The Unbearable Whiteness of the Environment

beautiful brutal cape town
Just a little picture I took of nature, which I enjoy and respect

In the midst of an exhausting week, news broke of a paper published by University of Cape Town Professor Nicoli Nattrass in which she posits a few reasons for the low numbers of black South African students who choose to study environmental and natural sciences.  She writes:

[Such subjects] struggled to attract black South African students because persisting inequalities in the schooling system make it less likely that they (black students) will meet the entrance requirements for science courses. […] Yet there are likely to be other reasons too, notably materialist values and aspirations, as well as experience with pets and attitudes towards wildlife, all of which are likely also to be shaped by a student’s socio-economic background. Given the ‘Fallist’ protests of 2015/2016 (Rhodes Must Fall and Fees Must Fall movements) another possibility is that wildlife conservation itself might be regarded as colonial, and students might perceive a trade-off between social justice and conservation. 

It’s a strange argument to make, especially when considering the enormity of the inequalities in the South African schooling system. Those inequalities alone are enough of an explanation and warrant scientific examination. There does not seem a need to reach into black students’ psyche and their supposed non-history with pets. 

Nattarass’s paper reminded me of an experience I had in my work as a diversity facilitator. I was working with a group from AfrikaBurn, the African version of Burning Man. Faced with the low numbers of black ‘burners’ in attendance at each annual burn, this explanation was offered: black people don’t like to camp. 

Look, I don’t know what is in every black person’s heart and home. I don’t know if they hate camping and are disinterested in keeping pets.  But, as a black woman, I know enough to be suspicious of any sweeping generalisation made about ‘my’ people, especially when it is made by a white person.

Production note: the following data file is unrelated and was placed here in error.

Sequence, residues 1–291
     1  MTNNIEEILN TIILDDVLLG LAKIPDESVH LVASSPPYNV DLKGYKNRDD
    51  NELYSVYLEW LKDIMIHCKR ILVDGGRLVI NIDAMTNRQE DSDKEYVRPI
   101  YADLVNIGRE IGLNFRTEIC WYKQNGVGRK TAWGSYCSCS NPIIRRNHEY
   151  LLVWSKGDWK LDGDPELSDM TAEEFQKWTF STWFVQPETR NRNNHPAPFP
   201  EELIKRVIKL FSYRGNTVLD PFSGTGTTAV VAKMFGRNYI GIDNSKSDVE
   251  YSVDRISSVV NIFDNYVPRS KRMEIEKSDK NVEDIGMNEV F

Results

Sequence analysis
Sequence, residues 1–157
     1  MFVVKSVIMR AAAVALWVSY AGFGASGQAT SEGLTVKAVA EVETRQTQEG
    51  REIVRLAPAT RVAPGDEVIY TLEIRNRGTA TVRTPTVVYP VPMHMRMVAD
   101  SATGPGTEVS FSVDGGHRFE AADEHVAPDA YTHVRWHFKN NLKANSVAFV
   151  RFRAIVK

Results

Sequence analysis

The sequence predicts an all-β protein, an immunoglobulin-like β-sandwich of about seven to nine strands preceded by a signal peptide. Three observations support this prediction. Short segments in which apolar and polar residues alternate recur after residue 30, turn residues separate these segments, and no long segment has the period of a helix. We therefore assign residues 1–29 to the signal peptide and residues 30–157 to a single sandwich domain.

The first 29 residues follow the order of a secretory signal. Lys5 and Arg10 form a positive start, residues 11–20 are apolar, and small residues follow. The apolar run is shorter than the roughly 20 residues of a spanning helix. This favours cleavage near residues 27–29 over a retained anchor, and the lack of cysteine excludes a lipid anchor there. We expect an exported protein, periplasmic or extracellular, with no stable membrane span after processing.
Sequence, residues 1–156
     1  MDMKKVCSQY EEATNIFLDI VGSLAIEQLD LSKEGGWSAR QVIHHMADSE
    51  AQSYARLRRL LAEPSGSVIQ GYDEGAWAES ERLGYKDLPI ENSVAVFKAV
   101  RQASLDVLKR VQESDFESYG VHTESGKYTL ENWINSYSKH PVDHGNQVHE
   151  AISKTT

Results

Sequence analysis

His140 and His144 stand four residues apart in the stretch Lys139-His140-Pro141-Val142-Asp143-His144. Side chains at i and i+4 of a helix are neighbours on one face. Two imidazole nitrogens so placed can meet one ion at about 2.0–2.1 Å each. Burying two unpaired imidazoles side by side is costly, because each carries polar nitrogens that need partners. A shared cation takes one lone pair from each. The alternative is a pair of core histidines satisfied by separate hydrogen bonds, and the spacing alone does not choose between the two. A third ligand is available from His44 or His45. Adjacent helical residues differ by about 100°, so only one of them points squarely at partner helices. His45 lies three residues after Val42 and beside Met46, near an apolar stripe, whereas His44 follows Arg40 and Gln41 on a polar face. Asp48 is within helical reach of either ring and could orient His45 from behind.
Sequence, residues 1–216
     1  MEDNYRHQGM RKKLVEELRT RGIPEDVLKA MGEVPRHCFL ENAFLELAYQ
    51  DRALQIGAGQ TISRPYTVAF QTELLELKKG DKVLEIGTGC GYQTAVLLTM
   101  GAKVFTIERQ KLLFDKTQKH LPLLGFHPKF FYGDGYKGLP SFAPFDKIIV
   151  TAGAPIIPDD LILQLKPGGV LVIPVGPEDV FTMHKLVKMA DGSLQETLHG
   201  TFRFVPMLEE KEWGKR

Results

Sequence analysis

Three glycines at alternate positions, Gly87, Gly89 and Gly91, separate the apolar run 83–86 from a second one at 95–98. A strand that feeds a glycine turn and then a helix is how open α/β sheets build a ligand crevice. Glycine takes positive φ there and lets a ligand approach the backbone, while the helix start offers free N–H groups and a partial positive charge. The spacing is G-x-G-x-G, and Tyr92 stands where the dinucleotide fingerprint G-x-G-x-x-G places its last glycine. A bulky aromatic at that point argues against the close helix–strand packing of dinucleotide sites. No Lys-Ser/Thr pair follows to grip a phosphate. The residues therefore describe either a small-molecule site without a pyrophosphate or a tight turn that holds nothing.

I also know this: like race, nature and the environment are social constructs.  The boundary between what we consider unadulterated and natural, and what we deem to be man-made is one that we construct when we fence off our parks and declare our reserves. The boundary is a reflection of our understanding of ourselves.  An analysis that looks at the probability that black students will choose to study natural sciences and spend a week camping in the desert and labels those as markers of those students’ relationship to nature says a lot about what the analyst thinks of themselves. In their view, their relationship to nature – perhaps finding expression in an interest in conservation, or a love of pets – indicates a respect for and understanding of nature’s importance. If you or I do not express our affinity to nature in the same way, they fail to recognise this affinity and assume we don’t care. Never mind the well-documented ways in which African mysticism draws on the natural environment to interpret and communicate with the spiritual world. Never mind the fact that Fallists have included, as part of their demands of whiteness, an honest approach to returning natural resources that were stolen centuries ago.

It is the height of whiteness. The experience of the white analyst is taken as the norm and centered. Any difference from it is deviation, to be explained, at least, or fixed, at most. Anything that exists on its own, not in relationship to the white centre, goes conveniently unacknowledged.  Side-stepping black people’s historical and spiritual ties to natural resources means you can ignore conversations around reparations and restoration of black ownership of resources.

Of course, we know that even when appreciating nature in traditionally ‘white’ ways, we are not immune from racism. Just ask Christian Cooper, the black birder on whom the police were called when he asked a white woman to leash her dog as per city regulations. 

For the record, in case you’re reading this, Prof Nattrass: I am incredibly proud of and grateful for the language my Humanities qualification afforded me. If I had spent my 6 years at UCT in another faculty, I may not have been able to see your ‘research’ paper for what it is: another empty and narrow analysis of the black existence, made only in service of whiteness and its alleged superiority.

If I could choose my majors all over again, I wouldn’t change a thing.

 

 

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